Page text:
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What It's Like to Be Visually Impaired

"Hooray!" thought Brittany as she watched her new neighbor move in down the hall. "A big, fluffy golden retriever, right here on our floor," she told her dad excitedly. Her dad explained that although the dog was indeed the neighbor's pet, he also had a very important job as a seeing-eye dog. Their new neighbor was visually impaired, her dad said, and the dog acted as his eyes, helping him as he walked around the city.

To learn more about what it's like to be visually impaired and how kids with visual impairment learn, keep reading.

How Is Visual Impairment Treated?
Some kids who are visually impaired can have an operation to correct their vision. If a kid has a cataract, doctors may do surgery to remove it. For smaller, less severe cataracts, glasses can sometimes help the child see. One of the newest treatments for older kids with cataracts is intraocular (say: inn-tra-ock-you-lur) lenses. These are manmade lenses that are put into the eye during surgery. They replace the eye's lens when it is removed because it is clouded by a cataract.

How Do Kids With Visual Impairment Learn?
A baby who is not blind wants to explore the world around him. If you've ever seen a baby lying on his tummy, you might have noticed him trying to push up on his arms and look around. But a baby with a visual impairment won't be as interested in a world he can't see. Specialists trained to help kids who are visually impaired can help the baby develop normally, even though he can't see. If a baby is born with a visual impairment, most ophthalmologists will tell the mom or dad to put the baby in special learning programs while he is still very small.

Like all kids, visually impaired kids need school and activities to keep them learning, growing, and happy! Because a lot of what you learn in school comes from books, you might wonder how visually impaired kids learn. Well, kids who are visually impaired can learn to read by using a special system called braille. Braille is made up of a series of little bumps that stick up from a surface. The bumps are arranged in different ways to represent numbers and letters. Kids who are visually impaired read by feeling the bumps with their fingertips. You may have even seen braille around before - pay special attention to doorways in big buildings, elevators, and at the automatic teller machine and you may notice it!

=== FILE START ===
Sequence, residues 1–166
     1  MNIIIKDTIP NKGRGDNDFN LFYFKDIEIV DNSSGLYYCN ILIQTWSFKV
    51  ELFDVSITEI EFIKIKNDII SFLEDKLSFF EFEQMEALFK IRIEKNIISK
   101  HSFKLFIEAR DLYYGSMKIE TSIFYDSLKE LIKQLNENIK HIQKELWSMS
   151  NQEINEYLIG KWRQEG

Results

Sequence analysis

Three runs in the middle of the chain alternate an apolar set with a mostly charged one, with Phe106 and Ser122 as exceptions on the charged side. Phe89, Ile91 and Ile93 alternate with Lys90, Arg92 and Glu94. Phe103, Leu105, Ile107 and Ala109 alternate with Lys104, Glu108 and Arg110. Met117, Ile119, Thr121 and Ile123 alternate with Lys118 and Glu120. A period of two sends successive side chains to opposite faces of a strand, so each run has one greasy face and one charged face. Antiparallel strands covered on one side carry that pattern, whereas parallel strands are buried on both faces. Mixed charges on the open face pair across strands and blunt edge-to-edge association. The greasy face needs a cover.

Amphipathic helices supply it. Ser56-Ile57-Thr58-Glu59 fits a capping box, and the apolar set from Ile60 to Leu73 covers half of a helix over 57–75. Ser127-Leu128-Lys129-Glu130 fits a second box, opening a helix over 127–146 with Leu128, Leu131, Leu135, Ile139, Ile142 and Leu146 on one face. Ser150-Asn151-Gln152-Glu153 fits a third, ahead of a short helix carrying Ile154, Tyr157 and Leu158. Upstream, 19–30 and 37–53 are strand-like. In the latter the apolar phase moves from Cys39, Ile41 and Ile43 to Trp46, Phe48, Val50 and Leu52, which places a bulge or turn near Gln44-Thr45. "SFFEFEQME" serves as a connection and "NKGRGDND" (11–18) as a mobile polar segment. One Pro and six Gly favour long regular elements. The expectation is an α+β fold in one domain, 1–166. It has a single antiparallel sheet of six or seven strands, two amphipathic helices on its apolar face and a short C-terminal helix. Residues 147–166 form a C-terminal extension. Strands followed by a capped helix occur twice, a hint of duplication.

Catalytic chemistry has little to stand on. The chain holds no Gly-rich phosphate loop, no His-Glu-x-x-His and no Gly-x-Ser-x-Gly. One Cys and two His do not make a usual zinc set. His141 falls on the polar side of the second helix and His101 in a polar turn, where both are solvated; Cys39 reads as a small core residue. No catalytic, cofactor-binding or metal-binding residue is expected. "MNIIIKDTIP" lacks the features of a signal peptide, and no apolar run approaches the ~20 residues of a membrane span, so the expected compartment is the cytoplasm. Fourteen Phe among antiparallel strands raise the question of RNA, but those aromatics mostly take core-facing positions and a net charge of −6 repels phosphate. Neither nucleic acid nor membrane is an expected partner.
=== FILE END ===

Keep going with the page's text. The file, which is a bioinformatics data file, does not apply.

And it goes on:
There are also special computer programs and devices that can "see" printed material and turn it into braille. Then it can be produced on paper or even spoken into words. Visually impaired kids can also learn from and enjoy books and magazines by listening to voice recordings of others reading the words. With special equipment, a visually impaired kid can read almost anything!

In the past, kids who were visually impaired had to go to special schools where they lived away from home. Most kids today go to training programs when they are very young, then attend regular schools with children who aren't visually impaired. Many visually impaired kids learn in classrooms with kids who can see. They may have special teachers that come in and help them.

Living With Visual Impairment
Kids who are blind rely on their other senses, especially hearing and touch. Remember how you learned to identify different coins by the way they look? Blind kids must learn to tell a nickel from a quarter and a dime from a penny by the way the coins feel. When you go to your closet to pick out clothes, you use your eyes to look for a certain outfit or match up your clothes. A visually impaired kid uses his sense of touch to pick out his clothes.

Kids who are visually impaired use their ears a lot, too. If a car comes down the street, you know to get onto the sidewalk because you can hear and see the car. But a visually impaired kid can't see the car, so he pays special attention to the sound of the engine.

Some visually impaired kids and adults also get help from a furry friend - a seeing-eye dog! Seeing-eye dogs are specially trained dogs that work as a blind person's "eyes" and help him get around in the world. Although seeing-eye dogs are usually gentle and friendly, it's best not to pet or distract them while they're working.

Kids who are blind aren't too different from kids who aren't blind. They can do most things that other kids can do - the big difference is that they need to "see" the world in a different way. Kids who are visually impaired like to hang out with friends and do fun things, and they can go to college, have families, and do many different types of jobs.

 

Reviewed by: Steven Dowshen, MD
Date reviewed: March 2001

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